Living with cerebral palsy

At SpeechAngel our goal is to assist anybody that is living with a condition of restricted mobility. This includes diseases such as multiple sclerosis and Parkinson’s but a further important example is cerebral palsy. The condition severely limits casual, everyday movement and affects eight hundred thousand people in the United States alone.

We’re keen for people to understand not just what we’re doing but also why we’re doing it.

To get an idea of what in can be like to live with mobility limitations first hand, we highly recommend that you give Jesse Bauer’s blog a read. Diagnosed in 2009, Jesse explains the ups and downs, trials and tribulations of living with cerebral palsy.

Understand this disease through Jesse’s eyes 🙂

Best wishes,

The SpeechAngel team.

Meeting with activist Dick Cochius

This weekend the SpeechAngel team are out in Holland meeting with Dick Cochius! During our time there we’ll be interviewing Dick to find out more about his experiences and his condition.

Dick lives with spinal muscular atrophy and is a prominent activist who has been very vocal on the subject of disability.

Information and comments from Dick will be available on the SpeechAngel website next week!

Best wishes,

The SpeechAngel team.

The difference between speaker-dependent and speaker-independent recognition software

We’d like to let you know a little more about our product at SpeechAngel and give a short explanation of speech recognition 🙂

There are two types of speech recognition. One is called speaker-dependent and the other speaker-independent. Speaker-dependent solutions are found in specialsed use cases where there a limited number of words that need to be recognized with high accuracy, while speaker–independent software is more often found in telephone applications.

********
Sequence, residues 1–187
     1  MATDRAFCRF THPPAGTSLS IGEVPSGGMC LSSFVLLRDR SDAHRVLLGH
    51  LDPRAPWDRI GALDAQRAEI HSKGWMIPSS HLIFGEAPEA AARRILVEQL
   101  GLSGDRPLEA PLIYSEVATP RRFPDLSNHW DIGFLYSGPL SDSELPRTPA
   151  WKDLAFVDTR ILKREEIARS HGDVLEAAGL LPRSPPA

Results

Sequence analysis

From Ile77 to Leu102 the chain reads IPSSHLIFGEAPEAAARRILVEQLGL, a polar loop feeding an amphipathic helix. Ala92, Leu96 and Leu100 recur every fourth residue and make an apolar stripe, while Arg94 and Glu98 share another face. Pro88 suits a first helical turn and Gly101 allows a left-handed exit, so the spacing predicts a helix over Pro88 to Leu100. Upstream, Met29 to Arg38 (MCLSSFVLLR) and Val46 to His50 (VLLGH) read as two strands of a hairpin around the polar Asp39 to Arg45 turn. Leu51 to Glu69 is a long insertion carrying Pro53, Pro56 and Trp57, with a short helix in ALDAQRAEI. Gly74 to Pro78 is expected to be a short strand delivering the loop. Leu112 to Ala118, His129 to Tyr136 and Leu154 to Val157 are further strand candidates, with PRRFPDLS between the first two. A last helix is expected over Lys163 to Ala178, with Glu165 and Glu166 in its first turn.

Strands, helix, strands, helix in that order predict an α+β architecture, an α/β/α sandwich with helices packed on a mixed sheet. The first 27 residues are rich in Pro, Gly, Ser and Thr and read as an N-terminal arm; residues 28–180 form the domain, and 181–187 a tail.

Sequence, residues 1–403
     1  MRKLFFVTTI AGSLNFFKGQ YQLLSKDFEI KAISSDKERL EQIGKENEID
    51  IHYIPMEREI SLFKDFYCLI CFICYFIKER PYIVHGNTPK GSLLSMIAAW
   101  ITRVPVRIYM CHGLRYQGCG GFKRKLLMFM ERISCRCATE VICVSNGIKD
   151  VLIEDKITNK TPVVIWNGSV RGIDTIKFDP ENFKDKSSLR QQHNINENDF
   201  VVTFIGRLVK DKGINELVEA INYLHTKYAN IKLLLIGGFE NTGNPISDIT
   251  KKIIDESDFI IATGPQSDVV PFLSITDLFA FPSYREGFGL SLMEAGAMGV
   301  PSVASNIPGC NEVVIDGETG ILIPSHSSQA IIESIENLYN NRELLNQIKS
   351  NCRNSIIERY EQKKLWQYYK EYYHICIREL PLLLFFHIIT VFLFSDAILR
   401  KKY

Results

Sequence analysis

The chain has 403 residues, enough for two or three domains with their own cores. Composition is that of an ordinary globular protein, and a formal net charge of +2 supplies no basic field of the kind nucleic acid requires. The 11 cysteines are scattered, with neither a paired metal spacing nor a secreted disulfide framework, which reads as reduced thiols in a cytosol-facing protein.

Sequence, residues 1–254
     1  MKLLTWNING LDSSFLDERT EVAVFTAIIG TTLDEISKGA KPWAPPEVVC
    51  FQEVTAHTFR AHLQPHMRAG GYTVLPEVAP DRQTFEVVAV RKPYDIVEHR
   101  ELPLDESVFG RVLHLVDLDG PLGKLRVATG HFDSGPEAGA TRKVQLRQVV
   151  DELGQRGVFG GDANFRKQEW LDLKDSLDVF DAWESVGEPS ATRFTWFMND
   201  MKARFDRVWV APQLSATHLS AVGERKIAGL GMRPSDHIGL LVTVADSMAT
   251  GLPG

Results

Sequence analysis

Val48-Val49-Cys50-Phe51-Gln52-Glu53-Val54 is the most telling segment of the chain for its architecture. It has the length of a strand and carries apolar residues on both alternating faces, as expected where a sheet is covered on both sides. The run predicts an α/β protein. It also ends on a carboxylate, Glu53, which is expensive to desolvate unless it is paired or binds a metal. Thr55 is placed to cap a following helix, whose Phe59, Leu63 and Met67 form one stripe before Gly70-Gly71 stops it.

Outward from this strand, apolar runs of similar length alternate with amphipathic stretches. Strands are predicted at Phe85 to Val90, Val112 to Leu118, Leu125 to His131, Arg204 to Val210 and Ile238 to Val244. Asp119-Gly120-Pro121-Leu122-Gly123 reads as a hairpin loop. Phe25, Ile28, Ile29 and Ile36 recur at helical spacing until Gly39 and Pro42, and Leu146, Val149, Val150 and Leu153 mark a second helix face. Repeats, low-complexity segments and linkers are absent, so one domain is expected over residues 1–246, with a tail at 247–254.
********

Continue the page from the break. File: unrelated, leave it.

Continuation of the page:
Speaker–dependent software operates by learning the unique, individual characteristics of a single person’s voice, in a way similar to voice recognition. New users must first “train” the software by speaking to it, so the computer can analyse the way in which the person talks. This usually means users have to read a few pages of text to the computer before they can use the speech recognition software.
Speaker–independent software is designed to recognise anyone’s voice, so it requires no training. This means it is the only concrete option for applications such as interactive voice response systems — where businesses can’t ask callers to read pages of text before using the system. The downside is that speaker–independent software is generally speaking less accurate than speaker–dependent software.
Speech recognition engines that are speaker independent generally deal with this fact by limiting the grammars they use. By using a smaller list of recognized words, the speech engine is more likely to correctly recognize what a speaker said.
This makes speaker–independent software ideal for most IVR systems, and any application where a large number of people will be using the same system.

We hope this paints a clearer picture!

Best wishes,

The SpeechAngel team.